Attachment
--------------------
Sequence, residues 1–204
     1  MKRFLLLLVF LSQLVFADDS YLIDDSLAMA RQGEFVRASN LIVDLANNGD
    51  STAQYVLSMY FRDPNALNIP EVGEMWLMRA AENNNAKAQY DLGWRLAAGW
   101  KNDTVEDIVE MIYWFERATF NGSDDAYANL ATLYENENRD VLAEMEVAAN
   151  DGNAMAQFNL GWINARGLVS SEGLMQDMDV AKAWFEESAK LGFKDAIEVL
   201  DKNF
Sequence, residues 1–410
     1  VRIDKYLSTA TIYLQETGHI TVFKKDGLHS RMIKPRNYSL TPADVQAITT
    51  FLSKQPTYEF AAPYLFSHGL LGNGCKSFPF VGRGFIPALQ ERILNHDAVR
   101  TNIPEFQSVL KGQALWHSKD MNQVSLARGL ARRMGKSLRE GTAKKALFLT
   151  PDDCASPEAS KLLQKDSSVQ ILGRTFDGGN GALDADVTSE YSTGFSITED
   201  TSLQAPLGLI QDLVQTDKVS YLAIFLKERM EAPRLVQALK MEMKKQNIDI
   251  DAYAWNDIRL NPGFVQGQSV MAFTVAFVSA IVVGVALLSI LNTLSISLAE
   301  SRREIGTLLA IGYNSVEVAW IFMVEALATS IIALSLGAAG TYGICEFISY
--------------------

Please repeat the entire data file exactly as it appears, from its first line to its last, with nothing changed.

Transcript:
Sequence, residues 1–204
     1  MKRFLLLLVF LSQLVFADDS YLIDDSLAMA RQGEFVRASN LIVDLANNGD
    51  STAQYVLSMY FRDPNALNIP EVGEMWLMRA AENNNAKAQY DLGWRLAAGW
   101  KNDTVEDIVE MIYWFERATF NGSDDAYANL ATLYENENRD VLAEMEVAAN
   151  DGNAMAQFNL GWINARGLVS SEGLMQDMDV AKAWFEESAK LGFKDAIEVL
   201  DKNF
Sequence, residues 1–410
     1  VRIDKYLSTA TIYLQETGHI TVFKKDGLHS RMIKPRNYSL TPADVQAITT
    51  FLSKQPTYEF AAPYLFSHGL LGNGCKSFPF VGRGFIPALQ ERILNHDAVR
   101  TNIPEFQSVL KGQALWHSKD MNQVSLARGL ARRMGKSLRE GTAKKALFLT
   151  PDDCASPEAS KLLQKDSSVQ ILGRTFDGGN GALDADVTSE YSTGFSITED
   201  TSLQAPLGLI QDLVQTDKVS YLAIFLKERM EAPRLVQALK MEMKKQNIDI
   251  DAYAWNDIRL NPGFVQGQSV MAFTVAFVSA IVVGVALLSI LNTLSISLAE
   301  SRREIGTLLA IGYNSVEVAW IFMVEALATS IIALSLGAAG TYGICEFISY